On June 7th, voters in Canada’s largest province sent a clear message: fifteen years of Liberal reign ends here. The historic reduction of the Ontario Liberals from majority government to unofficial party with a mere 7 seats was not surprising, with Liberal premier Kathleen Wynne consistently polling as the least popular premier in the country for the last two years. Despite the tossup between Doug Ford’s Progressive Conservatives and Andrea Horwath’s New Democratic Party, one thing was clear from the beginning: the Liberals were going down.

With Ontario holding the most federal seats and being a historically strong base for both provincial and federal Liberals, it initially appears as though Wynne’s loss might steepen Trudeau’s uphill battle to re-election in 2019. On the contrary, the fall of the provincial Liberals presents an important opportunity for the federal Grits. Trudeau should be celebrating the defeat of his provincial counterpart for two reasons: Ontarians will recover from their Liberal fatigue in time for 2019; and Canadians have a tendency to vote for different governments provincially and federally.

It’s Not You, It’s Her

As highlighted by Kathleen Wynne’s last-ditch attempt at saving her party from a complete shutout by conceding the premiership and distancing her name from the Liberals, much of the anger towards the provincial Liberals is in fact anger towards the leader. Despite Wynne’s personal approval ratings reaching as low as 12 percent, the majority of Ontarians were generally satisfied with the policies implemented by her government. Approval ratings among Liberals provide the biggest insight: an unusually high 34 percent of typical Liberal voters disapproved of Wynne’s performance as leader 6 months before the election, highlighting a problem with the leader and not the party.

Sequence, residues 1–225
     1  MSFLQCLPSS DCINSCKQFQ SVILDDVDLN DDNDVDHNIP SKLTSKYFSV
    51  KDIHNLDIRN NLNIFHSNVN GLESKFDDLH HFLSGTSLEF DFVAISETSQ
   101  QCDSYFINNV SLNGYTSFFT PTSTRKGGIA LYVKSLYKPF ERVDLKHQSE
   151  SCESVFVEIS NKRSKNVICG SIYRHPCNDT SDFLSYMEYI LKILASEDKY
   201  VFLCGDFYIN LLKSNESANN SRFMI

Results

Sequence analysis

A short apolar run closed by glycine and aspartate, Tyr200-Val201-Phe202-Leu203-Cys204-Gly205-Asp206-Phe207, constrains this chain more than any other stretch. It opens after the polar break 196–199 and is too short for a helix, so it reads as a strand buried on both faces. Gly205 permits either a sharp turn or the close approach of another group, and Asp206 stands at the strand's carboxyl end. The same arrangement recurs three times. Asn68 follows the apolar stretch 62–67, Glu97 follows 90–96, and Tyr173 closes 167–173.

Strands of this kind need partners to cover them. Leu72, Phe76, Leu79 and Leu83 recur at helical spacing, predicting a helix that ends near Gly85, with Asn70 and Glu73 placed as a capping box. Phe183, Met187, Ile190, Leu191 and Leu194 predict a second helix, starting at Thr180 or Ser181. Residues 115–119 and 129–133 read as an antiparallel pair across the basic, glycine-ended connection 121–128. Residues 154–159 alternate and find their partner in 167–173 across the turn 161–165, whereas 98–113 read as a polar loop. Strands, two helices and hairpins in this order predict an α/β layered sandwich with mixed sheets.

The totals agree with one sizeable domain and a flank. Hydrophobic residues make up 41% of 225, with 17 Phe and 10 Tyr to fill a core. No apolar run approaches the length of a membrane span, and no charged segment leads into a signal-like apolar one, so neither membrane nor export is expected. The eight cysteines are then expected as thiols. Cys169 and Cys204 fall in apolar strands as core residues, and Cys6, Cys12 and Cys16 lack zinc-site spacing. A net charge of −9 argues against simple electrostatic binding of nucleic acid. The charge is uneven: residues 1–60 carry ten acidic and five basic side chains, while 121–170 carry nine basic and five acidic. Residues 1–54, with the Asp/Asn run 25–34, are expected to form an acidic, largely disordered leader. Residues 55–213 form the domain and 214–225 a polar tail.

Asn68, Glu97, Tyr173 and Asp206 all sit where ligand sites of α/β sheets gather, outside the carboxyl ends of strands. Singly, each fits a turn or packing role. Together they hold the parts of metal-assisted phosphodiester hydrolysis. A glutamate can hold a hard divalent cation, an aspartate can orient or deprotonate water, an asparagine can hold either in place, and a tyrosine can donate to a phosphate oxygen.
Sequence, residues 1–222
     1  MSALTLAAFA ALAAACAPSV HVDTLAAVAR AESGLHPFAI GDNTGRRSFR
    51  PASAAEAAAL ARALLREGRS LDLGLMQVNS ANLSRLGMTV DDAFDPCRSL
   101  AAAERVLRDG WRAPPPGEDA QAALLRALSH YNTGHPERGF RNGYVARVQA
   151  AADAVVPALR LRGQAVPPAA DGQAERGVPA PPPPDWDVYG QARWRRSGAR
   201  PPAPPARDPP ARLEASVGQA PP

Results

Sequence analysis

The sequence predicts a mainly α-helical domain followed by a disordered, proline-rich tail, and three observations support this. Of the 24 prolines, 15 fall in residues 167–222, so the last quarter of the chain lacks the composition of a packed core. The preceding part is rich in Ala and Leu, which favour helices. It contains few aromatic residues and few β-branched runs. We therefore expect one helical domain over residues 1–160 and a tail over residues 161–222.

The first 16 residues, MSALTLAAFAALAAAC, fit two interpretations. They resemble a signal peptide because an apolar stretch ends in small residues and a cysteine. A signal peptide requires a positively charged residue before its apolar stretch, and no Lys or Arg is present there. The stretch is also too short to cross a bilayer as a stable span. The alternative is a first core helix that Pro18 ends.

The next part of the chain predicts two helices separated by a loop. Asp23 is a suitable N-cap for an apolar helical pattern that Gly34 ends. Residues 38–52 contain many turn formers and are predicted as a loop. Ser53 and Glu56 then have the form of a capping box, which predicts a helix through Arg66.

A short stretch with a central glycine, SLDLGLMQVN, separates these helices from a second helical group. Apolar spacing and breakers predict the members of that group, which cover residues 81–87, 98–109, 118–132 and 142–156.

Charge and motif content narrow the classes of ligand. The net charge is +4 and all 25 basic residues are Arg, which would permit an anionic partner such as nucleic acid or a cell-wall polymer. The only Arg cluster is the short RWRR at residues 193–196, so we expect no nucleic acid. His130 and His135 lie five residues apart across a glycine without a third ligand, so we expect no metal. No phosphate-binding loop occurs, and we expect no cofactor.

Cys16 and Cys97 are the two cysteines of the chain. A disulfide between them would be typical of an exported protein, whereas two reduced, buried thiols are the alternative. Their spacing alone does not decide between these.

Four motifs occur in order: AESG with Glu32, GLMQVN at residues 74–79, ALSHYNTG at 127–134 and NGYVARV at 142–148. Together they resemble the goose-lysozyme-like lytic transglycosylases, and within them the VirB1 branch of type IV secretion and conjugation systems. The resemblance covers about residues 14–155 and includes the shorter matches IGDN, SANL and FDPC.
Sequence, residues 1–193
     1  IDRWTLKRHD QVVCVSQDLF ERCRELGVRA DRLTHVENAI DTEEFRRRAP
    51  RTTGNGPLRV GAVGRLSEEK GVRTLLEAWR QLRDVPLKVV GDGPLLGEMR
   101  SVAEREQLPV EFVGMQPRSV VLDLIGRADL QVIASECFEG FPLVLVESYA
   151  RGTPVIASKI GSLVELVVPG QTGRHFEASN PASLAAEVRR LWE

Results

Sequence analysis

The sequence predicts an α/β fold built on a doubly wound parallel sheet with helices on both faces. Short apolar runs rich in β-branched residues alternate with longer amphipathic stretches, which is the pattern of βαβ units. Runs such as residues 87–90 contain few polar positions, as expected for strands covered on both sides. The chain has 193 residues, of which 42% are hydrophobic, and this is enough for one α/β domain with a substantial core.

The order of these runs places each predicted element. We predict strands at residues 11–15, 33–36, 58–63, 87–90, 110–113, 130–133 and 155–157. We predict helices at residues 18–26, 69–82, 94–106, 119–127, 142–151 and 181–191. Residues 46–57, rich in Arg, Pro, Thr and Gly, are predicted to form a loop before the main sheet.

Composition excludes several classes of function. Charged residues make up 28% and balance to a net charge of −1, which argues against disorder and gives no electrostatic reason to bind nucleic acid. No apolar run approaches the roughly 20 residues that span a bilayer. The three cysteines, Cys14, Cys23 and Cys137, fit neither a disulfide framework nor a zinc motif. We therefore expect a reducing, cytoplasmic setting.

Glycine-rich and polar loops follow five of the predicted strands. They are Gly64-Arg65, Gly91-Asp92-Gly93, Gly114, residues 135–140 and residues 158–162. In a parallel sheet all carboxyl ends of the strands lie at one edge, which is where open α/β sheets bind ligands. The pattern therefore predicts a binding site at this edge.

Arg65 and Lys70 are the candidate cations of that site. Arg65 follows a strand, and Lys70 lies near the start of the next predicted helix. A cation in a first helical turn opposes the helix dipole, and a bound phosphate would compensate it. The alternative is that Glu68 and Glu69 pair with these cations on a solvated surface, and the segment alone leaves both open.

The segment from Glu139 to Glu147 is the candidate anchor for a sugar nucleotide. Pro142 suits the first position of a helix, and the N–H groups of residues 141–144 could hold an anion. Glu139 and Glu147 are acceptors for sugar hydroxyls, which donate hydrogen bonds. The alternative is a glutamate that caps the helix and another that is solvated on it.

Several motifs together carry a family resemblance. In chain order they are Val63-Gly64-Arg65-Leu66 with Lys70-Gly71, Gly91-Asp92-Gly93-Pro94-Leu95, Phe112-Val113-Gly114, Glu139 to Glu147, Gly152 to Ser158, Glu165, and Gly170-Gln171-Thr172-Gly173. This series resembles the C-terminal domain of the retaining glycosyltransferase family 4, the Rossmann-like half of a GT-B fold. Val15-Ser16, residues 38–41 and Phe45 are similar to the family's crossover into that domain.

Much of this dissatisfaction comes from Wynne’s failure to deliver on her 2014 promises to distance the Liberal party from mismanagement and cronyism. She branded herself as capable of bringing change to the province, even with the re-election of the Liberals, but ultimately her “freshness resolved over time.” Coupled with this perceived betrayal of change in favour for more of the same, Wynne’s lack of charisma did little to pull the party up by the bootstraps. Despite her personal shortcomings, her biggest hamartia was out of her control. Wynne became leader at a time when the decade-long Liberal reign was becoming stale.

Ultimately, the dramatic defeat of the provincial Liberals is not reflective of dissatisfaction with progressive policies. Instead, it signals fatigue with a 15-year old government and an underwhelming leader. The heavy popular support of the New Democrats – whose platform was nearly identical to the Liberals’ – highlights this perfectly. By the time the 2019 election rolls around, Ontarians will have endured over a year of Progressive Conservative rule – more than long enough to recover from Liberal fatigue and come out in full support for the still-fresh federal Liberals under a charismatic Trudeau.

The Political Pendulum of Canadian Voters